A sample text widget

Etiam pulvinar consectetur dolor sed malesuada. Ut convallis euismod dolor nec pretium. Nunc ut tristique massa.

Nam sodales mi vitae dolor ullamcorper et vulputate enim accumsan. Morbi orci magna, tincidunt vitae molestie nec, molestie at mi. Nulla nulla lorem, suscipit in posuere in, interdum non magna.

Bibliographic Essay – Whitman & Mysticism

The title of my essay is “Evolution of an Approach: A Chronological Overview of Major Critical Approaches to the subject of Whitman and Mysticism.” Click on the links below to view my essay and the supplemental works cited. Whitman&Mysticism Works Cited […]

Edith Wharton’s Notes for an Essay on Walt Whitman

American novelist and short story writer Edith Wharton greatly admired Whitman and planned to write an essay about him. Her notes for the unfinished essay are archived with her papers at the Bieneche Library, Yale University. Whitman Notes Presentation […]

New York Times Coverage of Whitman’s Funeral

My graduate students  visited Whitman’s grave site in Harleigh Cemetery and read the following account of his burial. […]

Jennica’s Bibliographic Essay

Jennica’s Bib Essay […]

Structured yet Free: The Essence of Whitman’s “Eidòlons”

Thesis: Structured yet free, the form of “Eidólons” mimics, supports, and reinforces its content. Context – “I MET a seer…” Emmanuel Swedenborg: – The Seer Swedish scientist turned philosopher Doctrine of Correspondences: Every material thing has a spiritual counterpart, or “ultimate” Post-Swedenborgian The Unseen Universe Post-Swedenborgian book – Balfour Stewart & P.G. Tait Everything on earth is duplicated […] […]

A Pumpkin for Whitman

This week we made our way across Camden to Harleigh Cemetery, the site of Whitman’s mausoleum.  As we drove through Camden (and got a little mixed up along the way), we were surrounded by what we have come to know as being very typical of this city.  Let’s just say it’s far from the bustling […] […]

Mickle Street

During his stay in Camden NJ, Walt Whitman lived at the house on 330 Mickle Street. It was when Louisa Whitman, his mother, grew ill. Walt soon visited her, but she tragically died only three days after he came to Camden. After a brief return to D.C. he would move to Camden to live with […] […]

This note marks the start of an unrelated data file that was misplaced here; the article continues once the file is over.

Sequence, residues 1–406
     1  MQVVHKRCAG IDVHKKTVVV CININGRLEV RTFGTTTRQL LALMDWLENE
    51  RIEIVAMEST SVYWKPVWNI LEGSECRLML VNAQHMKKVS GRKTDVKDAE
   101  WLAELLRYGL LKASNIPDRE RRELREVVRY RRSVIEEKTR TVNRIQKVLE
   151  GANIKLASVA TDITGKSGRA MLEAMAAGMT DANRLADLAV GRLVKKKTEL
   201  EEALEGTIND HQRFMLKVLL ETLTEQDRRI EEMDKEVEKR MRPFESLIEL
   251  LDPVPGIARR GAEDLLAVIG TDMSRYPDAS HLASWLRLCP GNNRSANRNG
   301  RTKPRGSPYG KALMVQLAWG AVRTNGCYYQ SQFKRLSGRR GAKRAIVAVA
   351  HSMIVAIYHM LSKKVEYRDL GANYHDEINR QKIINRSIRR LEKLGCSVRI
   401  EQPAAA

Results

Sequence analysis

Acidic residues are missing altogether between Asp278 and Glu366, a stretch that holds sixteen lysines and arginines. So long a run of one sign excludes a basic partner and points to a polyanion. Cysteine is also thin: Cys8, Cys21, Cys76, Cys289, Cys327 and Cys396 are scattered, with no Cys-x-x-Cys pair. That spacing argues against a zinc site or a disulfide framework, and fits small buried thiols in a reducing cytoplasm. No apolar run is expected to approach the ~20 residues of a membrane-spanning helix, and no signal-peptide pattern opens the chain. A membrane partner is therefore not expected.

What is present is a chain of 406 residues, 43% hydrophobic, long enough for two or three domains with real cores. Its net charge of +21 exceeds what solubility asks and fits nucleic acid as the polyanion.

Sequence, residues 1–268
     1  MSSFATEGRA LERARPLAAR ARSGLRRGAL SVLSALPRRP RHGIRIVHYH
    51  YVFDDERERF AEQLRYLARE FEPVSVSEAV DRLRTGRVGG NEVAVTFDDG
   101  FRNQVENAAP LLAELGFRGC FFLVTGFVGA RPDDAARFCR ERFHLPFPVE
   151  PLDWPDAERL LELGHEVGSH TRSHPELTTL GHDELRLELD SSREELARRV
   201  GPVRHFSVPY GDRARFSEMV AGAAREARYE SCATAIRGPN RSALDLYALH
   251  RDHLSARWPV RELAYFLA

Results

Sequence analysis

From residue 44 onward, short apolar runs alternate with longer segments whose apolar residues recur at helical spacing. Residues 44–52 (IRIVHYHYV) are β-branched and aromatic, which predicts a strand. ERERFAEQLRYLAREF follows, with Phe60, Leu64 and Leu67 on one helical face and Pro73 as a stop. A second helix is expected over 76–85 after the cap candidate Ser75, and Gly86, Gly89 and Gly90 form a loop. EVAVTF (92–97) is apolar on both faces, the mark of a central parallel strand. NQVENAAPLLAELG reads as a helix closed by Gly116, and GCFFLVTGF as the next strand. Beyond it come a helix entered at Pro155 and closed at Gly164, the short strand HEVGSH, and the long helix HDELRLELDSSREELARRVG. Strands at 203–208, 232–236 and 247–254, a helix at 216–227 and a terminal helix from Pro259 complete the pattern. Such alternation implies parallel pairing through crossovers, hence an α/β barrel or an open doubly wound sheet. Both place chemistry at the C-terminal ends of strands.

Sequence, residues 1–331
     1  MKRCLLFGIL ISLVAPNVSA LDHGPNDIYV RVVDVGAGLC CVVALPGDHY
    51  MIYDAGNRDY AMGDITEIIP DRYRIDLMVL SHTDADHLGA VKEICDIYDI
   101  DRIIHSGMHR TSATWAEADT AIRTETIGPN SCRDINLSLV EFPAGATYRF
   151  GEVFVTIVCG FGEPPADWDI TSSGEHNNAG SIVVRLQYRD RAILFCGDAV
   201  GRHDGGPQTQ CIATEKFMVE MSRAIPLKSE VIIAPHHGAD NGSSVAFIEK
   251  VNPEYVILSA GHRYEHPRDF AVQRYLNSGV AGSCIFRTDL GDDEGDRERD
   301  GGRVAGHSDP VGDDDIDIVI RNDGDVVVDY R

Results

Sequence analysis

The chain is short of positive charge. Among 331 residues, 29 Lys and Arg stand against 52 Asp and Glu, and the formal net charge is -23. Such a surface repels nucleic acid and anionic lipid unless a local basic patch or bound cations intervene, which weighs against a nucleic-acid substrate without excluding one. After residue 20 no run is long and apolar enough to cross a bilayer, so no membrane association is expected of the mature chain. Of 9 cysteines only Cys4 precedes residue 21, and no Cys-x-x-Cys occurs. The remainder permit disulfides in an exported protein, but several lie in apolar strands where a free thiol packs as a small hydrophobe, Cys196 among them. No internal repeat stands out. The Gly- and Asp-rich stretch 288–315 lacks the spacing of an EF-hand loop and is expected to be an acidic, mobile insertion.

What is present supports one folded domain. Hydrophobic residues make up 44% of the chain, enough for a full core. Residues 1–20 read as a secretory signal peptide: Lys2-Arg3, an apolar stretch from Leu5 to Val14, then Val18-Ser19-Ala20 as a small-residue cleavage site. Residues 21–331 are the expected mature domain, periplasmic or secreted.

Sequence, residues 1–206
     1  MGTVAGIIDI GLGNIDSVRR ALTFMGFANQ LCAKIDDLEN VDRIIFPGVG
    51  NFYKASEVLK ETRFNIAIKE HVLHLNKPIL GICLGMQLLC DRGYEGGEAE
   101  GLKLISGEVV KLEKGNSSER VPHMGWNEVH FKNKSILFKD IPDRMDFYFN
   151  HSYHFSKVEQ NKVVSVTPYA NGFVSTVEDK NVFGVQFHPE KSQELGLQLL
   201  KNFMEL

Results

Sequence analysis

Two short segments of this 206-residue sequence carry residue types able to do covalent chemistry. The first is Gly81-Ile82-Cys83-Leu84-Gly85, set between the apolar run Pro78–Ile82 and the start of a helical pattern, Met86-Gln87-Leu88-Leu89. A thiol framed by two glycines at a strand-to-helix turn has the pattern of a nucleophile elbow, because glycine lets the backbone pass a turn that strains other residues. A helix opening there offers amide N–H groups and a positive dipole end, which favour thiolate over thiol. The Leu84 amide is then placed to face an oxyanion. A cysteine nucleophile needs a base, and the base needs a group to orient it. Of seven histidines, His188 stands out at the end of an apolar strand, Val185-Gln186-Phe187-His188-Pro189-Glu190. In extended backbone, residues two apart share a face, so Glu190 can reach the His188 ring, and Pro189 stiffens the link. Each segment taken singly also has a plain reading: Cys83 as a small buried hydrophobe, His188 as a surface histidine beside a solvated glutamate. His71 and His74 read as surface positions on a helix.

Johnstown Flood–Adam’s Digital Museum (Singley)

On May 31, 1889, Walt Whitman’s seventieth birthday, 2,209 people were killed when the South Fork Dam failed, sending a wall rushing water and debris cascading into the riverside town of Johnstown, Pennsylvania. It was the largest civilian loss of life in American history up to that time (McCullough, 4). It was also one of […] […]

Tara for Oct 22

“What is happiness, anyhow? Is this one of its hours, or the like of it?—so impalpable—a mere breath, an evanescent tinge?” (817). This week I have been totally absorbed with Whitman in New Jersey because of my Cultural Museum Project. I have traveled to the Whitman-Stafford house in Laurel Springs, NJ ( 305 Maple Ave), to […] […]

Material Culture Museum Exhibit – Chestnut st. between Broad & Fourth sts.

Chestnut Street – Between Broad and Fourth Whitman’s writing directly connected to this material topic is “The First Spring Day on Chestnut Street” from Whitman’s Specimen Days collection. In this piece of prose from around 1880-1881, Whitman expresses his joy and satisfaction at the scene on “Chestnut street — say between Broad and Fourth,” and […] […]